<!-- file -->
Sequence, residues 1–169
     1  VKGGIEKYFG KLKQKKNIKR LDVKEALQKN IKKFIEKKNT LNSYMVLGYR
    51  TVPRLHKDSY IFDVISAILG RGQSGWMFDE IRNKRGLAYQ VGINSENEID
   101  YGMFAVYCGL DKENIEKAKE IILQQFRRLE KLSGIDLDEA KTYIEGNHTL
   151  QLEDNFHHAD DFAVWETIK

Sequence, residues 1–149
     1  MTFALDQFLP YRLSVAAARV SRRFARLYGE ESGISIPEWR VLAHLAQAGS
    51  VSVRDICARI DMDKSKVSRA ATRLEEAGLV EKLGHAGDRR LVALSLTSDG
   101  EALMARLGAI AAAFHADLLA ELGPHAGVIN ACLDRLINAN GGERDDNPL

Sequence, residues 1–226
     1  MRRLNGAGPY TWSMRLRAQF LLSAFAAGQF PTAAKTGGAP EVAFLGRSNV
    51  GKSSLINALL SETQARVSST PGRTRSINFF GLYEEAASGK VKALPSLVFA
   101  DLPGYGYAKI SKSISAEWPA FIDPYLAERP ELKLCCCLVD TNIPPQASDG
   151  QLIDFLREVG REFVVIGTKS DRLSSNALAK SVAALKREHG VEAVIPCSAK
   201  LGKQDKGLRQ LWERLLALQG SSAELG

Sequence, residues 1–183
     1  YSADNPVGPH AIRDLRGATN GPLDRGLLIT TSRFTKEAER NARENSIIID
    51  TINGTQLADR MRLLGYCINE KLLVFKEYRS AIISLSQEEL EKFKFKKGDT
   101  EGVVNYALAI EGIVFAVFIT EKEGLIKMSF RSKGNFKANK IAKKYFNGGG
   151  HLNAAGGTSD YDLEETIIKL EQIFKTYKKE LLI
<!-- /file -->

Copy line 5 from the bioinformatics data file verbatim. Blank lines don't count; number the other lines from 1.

   151  QLEDNFHHAD DFAVWETIK